Tiger Woods, who has been with Nike since he turned pro 20 years ago, welcomed him to the Nike family with a tweet on Monday. Nike now has the Nos. 1 and 2 players in the world (Rory McIlroy) wearing its swoosh for the second time. Woods and McIlroy were Nos. 1 and 2 for part of 2013.
CHALMER'S APPRECIATION: A year ago, Greg Chalmers was making travel plans for Panama to play on the Web.com Tour. He only had partial status, but it was his only way back to the PGA Tour. He made it back by winning the Barracuda Championship, an opposite-event tournament the same week as the Bridgestone Invitational.
It came with a two-year exemption on the PGA Tour, and a start at the SBS Tournament of Champions for the 43-year-old Aussie.
So that view down the first fairway at Kapalua looked sweeter than ever.
"Twelve months ago, I was getting ready to go to Panama, for crying out loud, and struggling to get status out here," Chalmers said.
Asked what he was looking forward to the most, Chalmers smiled and said, "Everything."
"You don't realize ... especially if you've been out here a long time, like 13 years ... how great it is until it's not there anymore," he said. "You see the flip side and you realize you like the other side better. I'm looking forward to every single week. They're all fantastic weeks, and I love it."
Chalmers is among 11 players at Kapalua for the first time, and the oldest of that bunch. His first full season on the PGA Tour was in 1999. He has won the Australian PGA twice and the Australian Open twice, including 2011 when the field was filled with Presidents Cup players.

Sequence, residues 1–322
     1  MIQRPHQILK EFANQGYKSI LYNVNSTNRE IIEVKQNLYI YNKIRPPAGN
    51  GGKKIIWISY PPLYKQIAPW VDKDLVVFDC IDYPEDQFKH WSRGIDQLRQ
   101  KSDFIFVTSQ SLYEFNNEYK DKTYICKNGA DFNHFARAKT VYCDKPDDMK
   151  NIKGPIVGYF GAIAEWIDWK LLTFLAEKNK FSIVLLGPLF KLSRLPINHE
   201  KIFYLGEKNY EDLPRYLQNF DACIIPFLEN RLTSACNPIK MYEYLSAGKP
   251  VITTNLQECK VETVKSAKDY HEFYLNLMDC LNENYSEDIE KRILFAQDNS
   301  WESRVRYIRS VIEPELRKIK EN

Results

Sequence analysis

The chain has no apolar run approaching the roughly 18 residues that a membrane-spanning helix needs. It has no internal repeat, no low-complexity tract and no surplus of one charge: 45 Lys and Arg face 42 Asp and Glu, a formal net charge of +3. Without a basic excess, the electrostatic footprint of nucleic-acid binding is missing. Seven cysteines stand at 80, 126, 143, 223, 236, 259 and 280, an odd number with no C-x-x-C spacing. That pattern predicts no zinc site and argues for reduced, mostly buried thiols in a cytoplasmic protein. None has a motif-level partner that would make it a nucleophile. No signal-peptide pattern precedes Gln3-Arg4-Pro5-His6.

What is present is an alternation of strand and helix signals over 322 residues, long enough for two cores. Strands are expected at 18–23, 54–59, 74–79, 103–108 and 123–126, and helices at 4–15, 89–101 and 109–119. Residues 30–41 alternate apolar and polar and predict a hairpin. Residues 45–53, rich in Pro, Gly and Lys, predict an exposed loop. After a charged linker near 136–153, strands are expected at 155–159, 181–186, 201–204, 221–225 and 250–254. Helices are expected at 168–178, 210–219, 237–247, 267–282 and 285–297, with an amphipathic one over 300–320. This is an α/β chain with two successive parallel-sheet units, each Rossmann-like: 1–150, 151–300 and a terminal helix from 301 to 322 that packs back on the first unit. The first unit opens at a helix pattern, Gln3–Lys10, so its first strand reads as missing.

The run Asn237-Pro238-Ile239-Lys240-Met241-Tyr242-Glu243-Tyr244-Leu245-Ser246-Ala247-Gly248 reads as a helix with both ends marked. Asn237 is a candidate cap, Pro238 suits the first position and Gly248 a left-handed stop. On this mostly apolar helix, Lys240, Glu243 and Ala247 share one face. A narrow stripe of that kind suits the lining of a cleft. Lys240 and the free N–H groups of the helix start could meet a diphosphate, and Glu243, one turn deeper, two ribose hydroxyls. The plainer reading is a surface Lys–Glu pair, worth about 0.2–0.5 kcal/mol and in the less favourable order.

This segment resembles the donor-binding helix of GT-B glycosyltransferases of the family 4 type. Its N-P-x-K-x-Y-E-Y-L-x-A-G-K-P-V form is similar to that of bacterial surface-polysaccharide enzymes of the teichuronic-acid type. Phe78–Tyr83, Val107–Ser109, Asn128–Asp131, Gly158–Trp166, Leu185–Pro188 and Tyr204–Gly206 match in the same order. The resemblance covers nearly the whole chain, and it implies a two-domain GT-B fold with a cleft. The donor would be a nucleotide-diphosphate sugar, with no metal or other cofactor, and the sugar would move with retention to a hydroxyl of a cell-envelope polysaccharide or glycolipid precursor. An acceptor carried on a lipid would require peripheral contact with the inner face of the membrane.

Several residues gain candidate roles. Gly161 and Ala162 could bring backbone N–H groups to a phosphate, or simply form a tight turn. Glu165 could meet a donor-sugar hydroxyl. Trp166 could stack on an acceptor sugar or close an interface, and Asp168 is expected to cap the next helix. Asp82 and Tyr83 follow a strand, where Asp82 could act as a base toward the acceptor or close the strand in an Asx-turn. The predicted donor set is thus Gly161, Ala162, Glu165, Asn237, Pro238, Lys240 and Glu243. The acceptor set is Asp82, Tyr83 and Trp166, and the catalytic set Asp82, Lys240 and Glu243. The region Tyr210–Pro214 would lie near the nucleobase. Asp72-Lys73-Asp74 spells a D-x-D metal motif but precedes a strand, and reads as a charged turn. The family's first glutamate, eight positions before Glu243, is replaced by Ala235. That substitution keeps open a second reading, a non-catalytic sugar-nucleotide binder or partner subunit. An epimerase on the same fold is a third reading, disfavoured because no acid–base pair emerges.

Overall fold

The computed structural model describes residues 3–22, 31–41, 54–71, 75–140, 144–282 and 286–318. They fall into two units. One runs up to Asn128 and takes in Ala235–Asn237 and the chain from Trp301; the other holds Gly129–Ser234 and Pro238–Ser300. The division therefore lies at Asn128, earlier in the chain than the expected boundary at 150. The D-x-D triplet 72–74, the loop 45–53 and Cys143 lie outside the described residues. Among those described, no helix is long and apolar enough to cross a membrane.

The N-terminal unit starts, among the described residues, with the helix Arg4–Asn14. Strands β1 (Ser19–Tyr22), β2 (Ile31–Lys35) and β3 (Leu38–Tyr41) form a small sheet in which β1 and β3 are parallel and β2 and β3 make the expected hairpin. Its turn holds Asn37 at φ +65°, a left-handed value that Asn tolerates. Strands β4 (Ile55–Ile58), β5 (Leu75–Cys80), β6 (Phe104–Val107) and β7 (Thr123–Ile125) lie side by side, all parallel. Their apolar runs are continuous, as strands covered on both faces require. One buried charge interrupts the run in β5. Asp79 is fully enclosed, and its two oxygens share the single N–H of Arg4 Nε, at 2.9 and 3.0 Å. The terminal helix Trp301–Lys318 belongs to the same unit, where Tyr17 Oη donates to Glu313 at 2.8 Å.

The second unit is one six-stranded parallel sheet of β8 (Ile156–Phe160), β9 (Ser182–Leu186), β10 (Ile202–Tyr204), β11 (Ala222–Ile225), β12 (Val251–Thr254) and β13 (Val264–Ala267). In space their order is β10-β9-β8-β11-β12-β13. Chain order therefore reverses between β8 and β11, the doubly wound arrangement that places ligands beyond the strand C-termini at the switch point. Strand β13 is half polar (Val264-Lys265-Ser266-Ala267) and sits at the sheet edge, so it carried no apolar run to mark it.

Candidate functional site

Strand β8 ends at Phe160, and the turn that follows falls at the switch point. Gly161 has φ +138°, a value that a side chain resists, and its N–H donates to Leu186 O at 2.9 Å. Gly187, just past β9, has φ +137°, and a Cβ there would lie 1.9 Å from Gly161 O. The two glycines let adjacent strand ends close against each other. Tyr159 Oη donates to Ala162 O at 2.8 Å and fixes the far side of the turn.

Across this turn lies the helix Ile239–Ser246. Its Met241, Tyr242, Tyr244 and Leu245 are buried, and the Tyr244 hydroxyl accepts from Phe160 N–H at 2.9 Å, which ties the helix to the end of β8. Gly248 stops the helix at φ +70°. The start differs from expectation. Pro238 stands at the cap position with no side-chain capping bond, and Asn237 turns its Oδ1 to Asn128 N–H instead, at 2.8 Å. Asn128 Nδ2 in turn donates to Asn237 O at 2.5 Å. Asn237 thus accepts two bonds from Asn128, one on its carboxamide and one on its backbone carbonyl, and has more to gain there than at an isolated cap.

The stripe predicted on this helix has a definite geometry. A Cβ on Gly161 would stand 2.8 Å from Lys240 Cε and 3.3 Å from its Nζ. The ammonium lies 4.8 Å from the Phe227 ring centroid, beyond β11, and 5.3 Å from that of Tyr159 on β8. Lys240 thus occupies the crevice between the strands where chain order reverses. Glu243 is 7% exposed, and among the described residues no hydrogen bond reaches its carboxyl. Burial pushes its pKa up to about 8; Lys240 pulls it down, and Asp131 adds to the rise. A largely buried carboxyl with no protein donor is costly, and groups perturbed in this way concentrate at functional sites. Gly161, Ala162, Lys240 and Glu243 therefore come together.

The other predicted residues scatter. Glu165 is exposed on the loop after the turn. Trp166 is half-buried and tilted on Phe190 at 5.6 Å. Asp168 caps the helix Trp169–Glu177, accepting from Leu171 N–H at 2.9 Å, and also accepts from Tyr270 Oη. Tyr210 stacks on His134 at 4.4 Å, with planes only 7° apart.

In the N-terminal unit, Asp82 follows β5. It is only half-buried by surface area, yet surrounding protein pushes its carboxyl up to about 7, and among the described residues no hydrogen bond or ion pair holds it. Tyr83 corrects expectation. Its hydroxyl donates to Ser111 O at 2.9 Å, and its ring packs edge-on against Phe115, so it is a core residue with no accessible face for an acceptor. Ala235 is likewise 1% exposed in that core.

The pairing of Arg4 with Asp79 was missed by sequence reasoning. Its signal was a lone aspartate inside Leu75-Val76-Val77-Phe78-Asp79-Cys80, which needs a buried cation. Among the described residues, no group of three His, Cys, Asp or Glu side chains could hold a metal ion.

He was frustrated to have to wait this long to win on biggest tour.
"What I keep saying is that not everybody wins," he said. "There are 200 guys on this tour and only 30-odd winners every year. We're spoiled with some top players who win multiple times. They make it look easy, but it's not. When you get it done, it's very exciting."
DIVOTS: Jason Day had a quiet offseason since he last played at the Tour Championship. Unlike last year, he wasn't seen on the sidelines of an NFL game holding a camera, and his wife didn't get run over by LeBron James going after a loose ball. Day still went to a few Cavs games and had his courtside seats. But he said his wife stayed home this year. ... Daniel Chopra in 2008 is the only player to win the Tournament of Champions in January and not make it to the Tour Championship in September. ... The Zurich Classic will be a team event this year, and a couple of players are taking that literally. Jason Dufner said he would play with Patton Kizzire (both went to Auburn), while Justin Thomas is playing with fellow Alabama alum Bud Cauley.
STAT OF THE WEEK: Eleven players from the last year’s 32-man field at Tournament of Champions made it back to Kapalua this year.
FINAL WORD: "Try and make it last as long as possible, because once you get off the islands, it's back to reality." — Jordan Spieth, on his two-week start to the season in Hawaii.
(Jason Day: AP Photo/Charlie Riedel)